Embodied Economics is my ongoing inquiry into the Big Stories (some call these meta-narratives or paradigms), that shape our economic and financial systems and structures.
What is the economy? What is profit? How are economic policy decisions made? Who creates money? Why does economics so often ignore what is most important to us as humans? When we begin to ask these questions, we quickly run into other questions typically siloed in other disciplines: How are values and priorities defined and determined? How should we organize and govern ourselves? How should money be allocated? Who has decision-making power? And ultimately: Who are we in relation to ourselves, others, and the planet?
Despite economics positioning itself as a scientific and mathematical discipline, how we construct monetary, financial, and economic systems is not an exercise of cold calculation. Our systems, more accurately, are an expression of our cultural, philosophical, and even religious views about who we are as a species and how to best organize society. And because our views can evolve and change, so can our systems.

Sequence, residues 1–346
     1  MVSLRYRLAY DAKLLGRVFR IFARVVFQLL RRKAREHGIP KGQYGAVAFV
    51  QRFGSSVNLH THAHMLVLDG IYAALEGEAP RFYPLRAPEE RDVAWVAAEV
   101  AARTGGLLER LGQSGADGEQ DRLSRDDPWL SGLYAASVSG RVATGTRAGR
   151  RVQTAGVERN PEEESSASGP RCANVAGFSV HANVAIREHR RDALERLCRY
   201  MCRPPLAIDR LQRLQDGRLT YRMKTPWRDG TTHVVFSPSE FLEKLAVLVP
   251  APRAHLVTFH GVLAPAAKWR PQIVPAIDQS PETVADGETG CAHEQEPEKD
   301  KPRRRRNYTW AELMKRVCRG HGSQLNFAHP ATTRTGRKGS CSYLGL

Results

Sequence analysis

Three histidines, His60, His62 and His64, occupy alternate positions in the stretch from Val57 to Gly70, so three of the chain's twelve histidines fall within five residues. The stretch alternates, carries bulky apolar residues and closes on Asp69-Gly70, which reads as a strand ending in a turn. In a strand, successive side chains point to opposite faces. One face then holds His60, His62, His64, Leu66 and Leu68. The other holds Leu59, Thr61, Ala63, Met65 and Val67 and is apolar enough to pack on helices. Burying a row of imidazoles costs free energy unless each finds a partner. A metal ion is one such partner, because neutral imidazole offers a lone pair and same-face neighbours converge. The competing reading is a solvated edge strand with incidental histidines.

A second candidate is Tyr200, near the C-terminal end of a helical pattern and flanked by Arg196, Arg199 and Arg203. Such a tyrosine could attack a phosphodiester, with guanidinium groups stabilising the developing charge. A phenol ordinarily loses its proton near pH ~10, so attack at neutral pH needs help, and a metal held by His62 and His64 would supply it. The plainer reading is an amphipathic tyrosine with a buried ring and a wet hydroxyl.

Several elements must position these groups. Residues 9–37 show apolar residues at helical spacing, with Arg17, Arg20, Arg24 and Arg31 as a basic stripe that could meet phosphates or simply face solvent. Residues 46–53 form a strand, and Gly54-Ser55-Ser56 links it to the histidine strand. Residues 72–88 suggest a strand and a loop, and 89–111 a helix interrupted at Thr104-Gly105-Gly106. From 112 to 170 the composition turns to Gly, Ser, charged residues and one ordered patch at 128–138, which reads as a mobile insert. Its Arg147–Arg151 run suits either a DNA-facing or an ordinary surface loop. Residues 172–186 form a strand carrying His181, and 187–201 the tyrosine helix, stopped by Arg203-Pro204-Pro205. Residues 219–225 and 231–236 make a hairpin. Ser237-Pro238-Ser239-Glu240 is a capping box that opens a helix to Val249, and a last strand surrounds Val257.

This newsletter is a space to unpack these questions through the lens of what I'm calling "The Forgotten Five" of economics: the body, nature, power, care, and interconnectedness. These five themes will occur as regular prisms through which to view and understand the world.
Because the world does not exist in disciplines, only contexts, I will attempt to weave in concepts or information from fields like biology, cognitive science, psychology, history, and sociology, among others. I will also seek to incorporate voices from faith and wisdom traditions, activist communities, and advocacy organizations who have long embodied the practices of a more human economy.
Embodied Economics is less an answer than a question — more provocation than immediate solution. It is a space for shared exploration, and I welcome your feedback and mutual inquiry, as we explore what it might mean to re-center the Forgotten Five as the real Big Stories in our economic and financial systems.